LANSING, Mich. – The Michigan Senate and House on Thursday approved $48.7 million in emergency state funding for Detroit Public Schools (DPS) which will help the ailing district remain open the rest of the school year.
The Senate approved it with a 29-7 vote. It went back to the House where is was passed Thursday afternoon. The legislation now will head to Gov. Rick Snyder's desk for final approval.
Lawmakers faced a Thursday deadline to act before their spring break. The district's state-appointed manager says without the aid, it will be unable to pay employees for work they do after April 8, four days before legislators return to Lansing.
The Republican-led Legislature is trying to resolve differences over tying the spending to legislation putting the district's finances under the oversight of a commission that already reviews city budgets post-bankruptcy.
The $48.7 million is a stopgap while GOP Gov. Rick Snyder presses the lawmakers to enact a larger restructuring plan to split the district and pay off massive operating debt over a decade.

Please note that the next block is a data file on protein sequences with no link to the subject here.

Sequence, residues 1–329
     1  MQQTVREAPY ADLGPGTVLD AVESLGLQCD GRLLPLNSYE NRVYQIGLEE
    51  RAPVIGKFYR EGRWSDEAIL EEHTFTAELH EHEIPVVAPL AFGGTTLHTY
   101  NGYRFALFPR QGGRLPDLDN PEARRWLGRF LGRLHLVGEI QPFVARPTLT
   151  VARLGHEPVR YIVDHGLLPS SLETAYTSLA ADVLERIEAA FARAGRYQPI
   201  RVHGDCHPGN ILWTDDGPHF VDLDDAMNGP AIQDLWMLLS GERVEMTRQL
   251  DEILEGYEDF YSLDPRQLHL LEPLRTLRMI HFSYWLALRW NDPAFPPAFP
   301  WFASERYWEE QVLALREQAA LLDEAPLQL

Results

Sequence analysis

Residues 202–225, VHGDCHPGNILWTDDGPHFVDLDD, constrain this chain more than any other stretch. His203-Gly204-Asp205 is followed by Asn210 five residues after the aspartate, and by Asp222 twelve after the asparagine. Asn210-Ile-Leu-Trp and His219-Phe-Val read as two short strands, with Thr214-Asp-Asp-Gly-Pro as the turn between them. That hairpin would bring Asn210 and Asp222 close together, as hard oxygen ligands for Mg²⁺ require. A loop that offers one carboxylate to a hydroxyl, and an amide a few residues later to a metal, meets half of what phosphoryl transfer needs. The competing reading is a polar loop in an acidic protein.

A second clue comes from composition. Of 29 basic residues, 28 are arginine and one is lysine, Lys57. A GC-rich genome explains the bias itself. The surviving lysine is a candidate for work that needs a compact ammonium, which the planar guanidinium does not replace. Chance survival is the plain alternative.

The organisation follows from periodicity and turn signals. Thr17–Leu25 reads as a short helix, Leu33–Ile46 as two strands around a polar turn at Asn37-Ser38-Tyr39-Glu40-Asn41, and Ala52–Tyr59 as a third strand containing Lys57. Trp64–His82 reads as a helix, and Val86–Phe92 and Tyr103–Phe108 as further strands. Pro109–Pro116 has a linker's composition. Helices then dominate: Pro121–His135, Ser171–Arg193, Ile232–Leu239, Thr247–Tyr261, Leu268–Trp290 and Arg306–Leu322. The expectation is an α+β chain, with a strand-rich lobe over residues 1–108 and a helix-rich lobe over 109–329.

DPS transition manager Judge Steven Rhodes released this statement after the legislation passed the Senate Thursday morning:
“The Michigan Senate has taken an important step in approving the $48.7 million supplemental appropriation that will provide the funds necessary for Detroit Public Schools to keep students and teachers in their classrooms through the end of this school year. We thank the Senate and its leadership for that. We now request that the Michigan House of Representatives act swiftly to approve this critical funding to keep our schools open while it considers the broader $715 million education reform legislation.”
Senate approves bailout package
On Tuesday, the Michigan Senate approved a revised set of bills to eliminate $715 million in debt from the Detroit Public Schools.